Tranquil, peaceful, relaxing, unspoilt, remote and quiet are terms that are used to describe the sister isle by sailors and sophisticated travellers.
On Internet blogs they speak about its long and glorious, virtually deserted beaches; the amazing turquoise sea, bluer than the sky; offshore reefs that provide pristine snorkelling; and the Frigate Bird Sanctuary that nature lovers enjoy.
Some of these travellers have expressed the view that the island has lost a little of its charm because the dirt roads have been resurfaced and some shiny new vehicles have appeared.
This raises the question, what is the good of Barbudans holding on to that “charm” while many natives remain unemployed?
On the other hand, listening to Barbudans speak about their simple life, it appears that there is a struggle between maintaining this unspoiled lifestyle and embracing the kind of change that inevitably follows development.
The simple lifestyle includes hunting wild pigs and the fallow deer, fishing and caring for horses. Historically, agriculture did not feature prominently in the economy so only a few aging farmers continue to cultivate the land and engage in animal husbandry.
In the past, it seemed to many Antiguans that Barbudans objected to any attempt by Central Government to develop the island. One blogger suggested that the islanders resisted the development of tourism in order to preserve their simple way of life.
However, Fabian Jones, chairman of the council refutes this claim. He explained that what Barbudans objected to was the high-handed approach by the former Antigua Labour Party (ALP) in bypassing the council to introduce its own brand of development.
However, he acknowledged that on occasions when this approach benefitted the community, although council chafed at the disrespect, it allowed it to go through.
He said in 1995, the ALP wanted to win the election, so it did some roadwork on the island, but instead of working through the council under whose portfolio falls the building and maintenance of roads, it sent the material directly to its representatives.
Nonetheless, when Central Government attempted to lease lands for hotel construction on lands that the council had designated for a national park the people took a stand.
One of those persons to whom Central Government had offered 46 square miles of Barbuda dubbed the New Order of Aragon, was the infamous Robert Vesco who was accused by the US Securities and Exchange Commission of securities fraud and who was later indicted by the Cuban government for fraud and illicit activity.
In effect, Jones contended that it would not be fair to say that Barbudans were retarding development; what in fact they were doing was standing up for their rights.
Whether we accept Jones’ explanation for the position in which Barbuda finds itself today does not change the fact that the island is far behind in its economic development when compared with other twin islands like Nevis or Tobago.
And what is inexplicable is that Barbudans are still loyal to the very party they blame for their economic retardation, since the MP Trevor Walker only won his seat by one vote.
However, with a more co-operative relationship between council and the United Progressive Party administration and the economic activities planned for Barbuda this year, there should be changes in its economic and social landscape.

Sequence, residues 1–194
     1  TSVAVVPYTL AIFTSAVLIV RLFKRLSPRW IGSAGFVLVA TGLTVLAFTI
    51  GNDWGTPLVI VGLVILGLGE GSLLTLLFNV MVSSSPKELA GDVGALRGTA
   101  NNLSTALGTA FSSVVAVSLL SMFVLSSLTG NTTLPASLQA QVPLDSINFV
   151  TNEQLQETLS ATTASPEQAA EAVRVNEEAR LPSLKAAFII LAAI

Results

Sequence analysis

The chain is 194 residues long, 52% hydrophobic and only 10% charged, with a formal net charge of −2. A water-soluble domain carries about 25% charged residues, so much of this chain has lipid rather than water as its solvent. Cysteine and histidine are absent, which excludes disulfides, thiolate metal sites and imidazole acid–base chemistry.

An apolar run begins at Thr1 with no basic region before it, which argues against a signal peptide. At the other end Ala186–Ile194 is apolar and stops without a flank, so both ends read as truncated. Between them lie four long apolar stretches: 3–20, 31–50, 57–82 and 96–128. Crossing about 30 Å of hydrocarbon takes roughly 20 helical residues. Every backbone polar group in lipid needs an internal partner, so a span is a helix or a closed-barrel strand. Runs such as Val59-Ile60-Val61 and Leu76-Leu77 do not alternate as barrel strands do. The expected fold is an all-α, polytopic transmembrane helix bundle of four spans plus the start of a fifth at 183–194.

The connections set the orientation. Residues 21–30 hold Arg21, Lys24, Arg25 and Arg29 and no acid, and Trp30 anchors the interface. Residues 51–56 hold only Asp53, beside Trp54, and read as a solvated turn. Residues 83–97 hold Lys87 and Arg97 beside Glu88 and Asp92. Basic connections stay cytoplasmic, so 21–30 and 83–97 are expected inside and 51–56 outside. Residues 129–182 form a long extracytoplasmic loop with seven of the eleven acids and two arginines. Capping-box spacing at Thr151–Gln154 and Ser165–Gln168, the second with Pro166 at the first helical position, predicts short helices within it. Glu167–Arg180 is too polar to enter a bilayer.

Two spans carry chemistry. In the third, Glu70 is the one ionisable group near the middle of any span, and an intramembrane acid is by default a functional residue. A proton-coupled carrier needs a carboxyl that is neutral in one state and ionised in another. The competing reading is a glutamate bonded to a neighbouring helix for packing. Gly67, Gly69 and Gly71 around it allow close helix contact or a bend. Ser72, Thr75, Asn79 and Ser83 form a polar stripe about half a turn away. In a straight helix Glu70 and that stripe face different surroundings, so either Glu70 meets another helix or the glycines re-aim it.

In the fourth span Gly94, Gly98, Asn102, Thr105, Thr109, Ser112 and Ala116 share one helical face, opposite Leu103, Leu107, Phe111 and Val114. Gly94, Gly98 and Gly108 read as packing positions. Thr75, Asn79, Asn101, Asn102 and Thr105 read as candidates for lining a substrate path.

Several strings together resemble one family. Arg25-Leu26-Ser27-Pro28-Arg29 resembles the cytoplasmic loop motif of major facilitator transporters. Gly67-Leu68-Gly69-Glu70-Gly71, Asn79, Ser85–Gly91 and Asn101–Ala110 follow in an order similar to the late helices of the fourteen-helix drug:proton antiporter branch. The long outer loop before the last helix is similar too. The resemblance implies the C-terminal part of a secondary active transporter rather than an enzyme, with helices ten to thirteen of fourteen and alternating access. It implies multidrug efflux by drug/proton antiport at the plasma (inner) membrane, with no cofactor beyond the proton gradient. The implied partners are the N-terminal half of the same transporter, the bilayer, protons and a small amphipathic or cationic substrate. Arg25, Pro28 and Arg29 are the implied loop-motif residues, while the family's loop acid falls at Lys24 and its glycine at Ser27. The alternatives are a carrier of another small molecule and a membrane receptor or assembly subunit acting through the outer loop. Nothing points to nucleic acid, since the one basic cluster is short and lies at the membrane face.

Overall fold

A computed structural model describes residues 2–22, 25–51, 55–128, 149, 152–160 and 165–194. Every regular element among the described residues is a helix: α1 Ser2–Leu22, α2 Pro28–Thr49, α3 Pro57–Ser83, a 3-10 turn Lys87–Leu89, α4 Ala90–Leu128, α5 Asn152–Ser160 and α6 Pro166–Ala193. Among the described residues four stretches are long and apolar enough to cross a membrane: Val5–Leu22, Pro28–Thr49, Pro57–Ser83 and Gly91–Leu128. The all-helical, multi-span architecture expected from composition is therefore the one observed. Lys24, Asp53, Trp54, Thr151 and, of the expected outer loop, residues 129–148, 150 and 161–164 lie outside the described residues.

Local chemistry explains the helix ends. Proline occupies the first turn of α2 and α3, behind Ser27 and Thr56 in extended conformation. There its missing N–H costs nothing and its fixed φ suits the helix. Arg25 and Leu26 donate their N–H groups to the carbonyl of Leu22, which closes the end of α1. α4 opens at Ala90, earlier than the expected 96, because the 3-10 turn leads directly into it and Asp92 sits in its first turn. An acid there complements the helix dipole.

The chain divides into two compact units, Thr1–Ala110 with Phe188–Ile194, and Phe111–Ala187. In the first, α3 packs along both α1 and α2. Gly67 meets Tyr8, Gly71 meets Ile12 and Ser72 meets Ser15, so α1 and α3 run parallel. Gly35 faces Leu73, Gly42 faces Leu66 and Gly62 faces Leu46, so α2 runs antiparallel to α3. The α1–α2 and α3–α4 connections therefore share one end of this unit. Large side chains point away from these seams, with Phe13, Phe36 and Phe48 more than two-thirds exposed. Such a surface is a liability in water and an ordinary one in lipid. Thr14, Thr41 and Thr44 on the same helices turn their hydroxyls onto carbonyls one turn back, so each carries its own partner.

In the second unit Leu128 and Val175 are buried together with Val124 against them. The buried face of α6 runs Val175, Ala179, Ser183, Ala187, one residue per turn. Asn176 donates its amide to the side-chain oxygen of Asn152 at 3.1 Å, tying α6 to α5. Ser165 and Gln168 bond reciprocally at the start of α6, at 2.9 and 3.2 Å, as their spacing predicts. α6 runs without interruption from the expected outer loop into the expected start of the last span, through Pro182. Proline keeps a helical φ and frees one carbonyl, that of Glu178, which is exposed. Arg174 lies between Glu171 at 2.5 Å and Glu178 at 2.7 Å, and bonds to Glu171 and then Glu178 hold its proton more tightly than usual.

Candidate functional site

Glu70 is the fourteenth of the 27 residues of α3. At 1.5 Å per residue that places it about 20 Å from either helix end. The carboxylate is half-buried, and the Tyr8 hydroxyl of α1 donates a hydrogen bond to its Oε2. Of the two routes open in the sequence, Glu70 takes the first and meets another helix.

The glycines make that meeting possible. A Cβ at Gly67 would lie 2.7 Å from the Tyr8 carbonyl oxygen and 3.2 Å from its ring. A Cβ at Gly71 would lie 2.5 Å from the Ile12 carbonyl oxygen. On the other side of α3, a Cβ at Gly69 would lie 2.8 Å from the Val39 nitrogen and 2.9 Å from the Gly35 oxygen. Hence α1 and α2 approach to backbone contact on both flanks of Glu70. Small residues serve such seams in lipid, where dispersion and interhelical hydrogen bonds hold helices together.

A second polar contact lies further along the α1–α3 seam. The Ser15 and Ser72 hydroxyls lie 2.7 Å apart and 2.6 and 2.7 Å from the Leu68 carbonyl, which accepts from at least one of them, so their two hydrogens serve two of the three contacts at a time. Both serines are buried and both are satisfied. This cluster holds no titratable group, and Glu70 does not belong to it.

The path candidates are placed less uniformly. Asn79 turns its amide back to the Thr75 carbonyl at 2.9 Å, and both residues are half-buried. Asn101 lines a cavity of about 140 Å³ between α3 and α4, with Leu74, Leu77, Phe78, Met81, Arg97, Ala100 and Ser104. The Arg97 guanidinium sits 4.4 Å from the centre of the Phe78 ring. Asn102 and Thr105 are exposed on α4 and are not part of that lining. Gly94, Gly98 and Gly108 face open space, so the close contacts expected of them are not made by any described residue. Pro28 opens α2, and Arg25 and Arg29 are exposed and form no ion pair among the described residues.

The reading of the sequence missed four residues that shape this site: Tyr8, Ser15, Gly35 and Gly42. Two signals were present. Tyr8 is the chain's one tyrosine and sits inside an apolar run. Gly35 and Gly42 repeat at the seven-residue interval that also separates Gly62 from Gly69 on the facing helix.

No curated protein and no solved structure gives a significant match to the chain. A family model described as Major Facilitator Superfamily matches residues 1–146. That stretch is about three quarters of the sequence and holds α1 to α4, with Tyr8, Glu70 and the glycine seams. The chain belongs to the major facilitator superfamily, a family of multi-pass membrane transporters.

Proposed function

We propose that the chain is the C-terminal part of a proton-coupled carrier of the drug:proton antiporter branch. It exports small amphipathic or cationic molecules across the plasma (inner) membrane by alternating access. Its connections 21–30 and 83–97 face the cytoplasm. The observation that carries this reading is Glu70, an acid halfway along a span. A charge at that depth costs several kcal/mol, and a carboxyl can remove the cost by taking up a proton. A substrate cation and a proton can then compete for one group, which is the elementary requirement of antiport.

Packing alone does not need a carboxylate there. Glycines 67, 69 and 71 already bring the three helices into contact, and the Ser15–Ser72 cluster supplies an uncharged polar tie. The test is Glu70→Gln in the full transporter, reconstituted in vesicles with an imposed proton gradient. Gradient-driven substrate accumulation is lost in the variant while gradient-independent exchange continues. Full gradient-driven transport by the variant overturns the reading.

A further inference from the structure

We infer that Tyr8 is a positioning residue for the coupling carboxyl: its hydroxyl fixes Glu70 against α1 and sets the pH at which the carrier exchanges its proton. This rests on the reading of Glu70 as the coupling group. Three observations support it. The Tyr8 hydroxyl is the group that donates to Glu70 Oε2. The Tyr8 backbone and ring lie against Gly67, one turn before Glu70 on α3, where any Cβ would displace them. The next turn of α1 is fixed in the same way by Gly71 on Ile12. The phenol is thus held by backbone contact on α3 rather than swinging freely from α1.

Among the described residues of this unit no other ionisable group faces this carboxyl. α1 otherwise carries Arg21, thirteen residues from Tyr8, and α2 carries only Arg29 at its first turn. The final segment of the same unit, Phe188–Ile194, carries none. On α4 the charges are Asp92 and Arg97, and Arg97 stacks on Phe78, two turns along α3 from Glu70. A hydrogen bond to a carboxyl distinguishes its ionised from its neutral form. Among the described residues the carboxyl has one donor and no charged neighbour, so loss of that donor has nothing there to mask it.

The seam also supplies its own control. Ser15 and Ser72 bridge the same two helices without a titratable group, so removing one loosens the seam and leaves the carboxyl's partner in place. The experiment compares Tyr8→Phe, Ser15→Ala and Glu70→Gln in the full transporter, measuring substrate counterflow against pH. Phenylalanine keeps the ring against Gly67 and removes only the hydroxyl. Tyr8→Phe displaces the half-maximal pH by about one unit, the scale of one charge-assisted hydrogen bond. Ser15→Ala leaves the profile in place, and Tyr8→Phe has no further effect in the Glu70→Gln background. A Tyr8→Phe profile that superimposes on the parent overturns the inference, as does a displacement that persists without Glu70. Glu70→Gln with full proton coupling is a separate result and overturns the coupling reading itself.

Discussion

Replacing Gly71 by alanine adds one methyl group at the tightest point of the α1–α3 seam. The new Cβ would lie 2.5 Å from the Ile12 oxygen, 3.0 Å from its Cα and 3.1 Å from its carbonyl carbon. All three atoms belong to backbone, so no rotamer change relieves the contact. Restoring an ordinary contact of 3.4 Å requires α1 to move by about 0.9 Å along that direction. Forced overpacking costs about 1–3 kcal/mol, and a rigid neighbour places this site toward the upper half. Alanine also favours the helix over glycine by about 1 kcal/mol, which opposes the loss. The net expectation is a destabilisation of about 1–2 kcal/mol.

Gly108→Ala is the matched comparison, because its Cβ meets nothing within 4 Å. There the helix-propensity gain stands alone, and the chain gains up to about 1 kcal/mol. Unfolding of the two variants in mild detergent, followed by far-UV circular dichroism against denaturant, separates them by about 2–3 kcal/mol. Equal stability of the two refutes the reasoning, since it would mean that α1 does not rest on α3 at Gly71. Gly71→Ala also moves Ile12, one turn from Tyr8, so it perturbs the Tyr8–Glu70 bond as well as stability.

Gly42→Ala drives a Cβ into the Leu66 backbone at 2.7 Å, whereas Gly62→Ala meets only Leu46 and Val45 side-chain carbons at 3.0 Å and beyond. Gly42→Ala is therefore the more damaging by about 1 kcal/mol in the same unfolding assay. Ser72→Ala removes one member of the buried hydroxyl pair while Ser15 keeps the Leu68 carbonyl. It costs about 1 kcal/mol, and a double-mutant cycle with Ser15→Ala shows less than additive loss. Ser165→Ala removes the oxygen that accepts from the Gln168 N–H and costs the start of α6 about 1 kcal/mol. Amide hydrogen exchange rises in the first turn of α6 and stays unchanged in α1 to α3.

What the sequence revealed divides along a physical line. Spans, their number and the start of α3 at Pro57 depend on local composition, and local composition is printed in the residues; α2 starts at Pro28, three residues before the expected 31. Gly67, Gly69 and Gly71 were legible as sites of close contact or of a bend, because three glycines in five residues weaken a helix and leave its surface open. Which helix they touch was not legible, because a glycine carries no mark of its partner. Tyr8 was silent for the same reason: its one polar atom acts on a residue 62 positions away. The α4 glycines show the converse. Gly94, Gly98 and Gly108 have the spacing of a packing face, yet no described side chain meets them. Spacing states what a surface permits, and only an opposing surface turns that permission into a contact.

These economic activities include preparation of the dock to accommodate the new ferry MV Fjortof now sailing between Antigua and Montserrat; construction of an Artisanal Fisheries Complex by the Japanese; construction of a community centre by the Chinese; and continued work on Codrington Airstrip which includes a terminal building to accommodate at least 50 travellers.
Construction boom almost anywhere in the world attracts immigrants looking to better their economic situation and Barbuda will be no exception.
Workers will be flocking there from all over the Caribbean as soon as the word spreads that work is available.
The authorities will no doubt fight for first preference for Barbudans; however, they might not be able to achieve this, since the firms contracted to do the job would more than likely be travelling with their own contingent of managers and skilled workers.
More people traffic will mean a boom for all businesses, to include guesthouses, taxi drivers, bakeries, supermarkets, restaurants, etc, and even more importantly, young people will be employed.
Another benefit will be increased traffic from tourists: local, regional and international, and we already know the benefits and problems that attend this activity.
Additionally, there will be a change in the complexion and culture of the island as different ethnic groups decide to make Barbuda their home.
However, should the local population become outnumbered by foreigners, it will inevitably lead to conflicts. Whenever migrants’ numbers are small, the conflicts are few and more manageable, as is the case presently in Barbuda, but as the numbers increase, so too will the problems and Barbuda will be no exception.
As Barbuda moves into the 21st century, it should use the misuse of its most precious resource, sand, as an important lesson and ensure that its economic development is sustainable, that is, using the available resources – its people and land – to the benefit of this and future generations.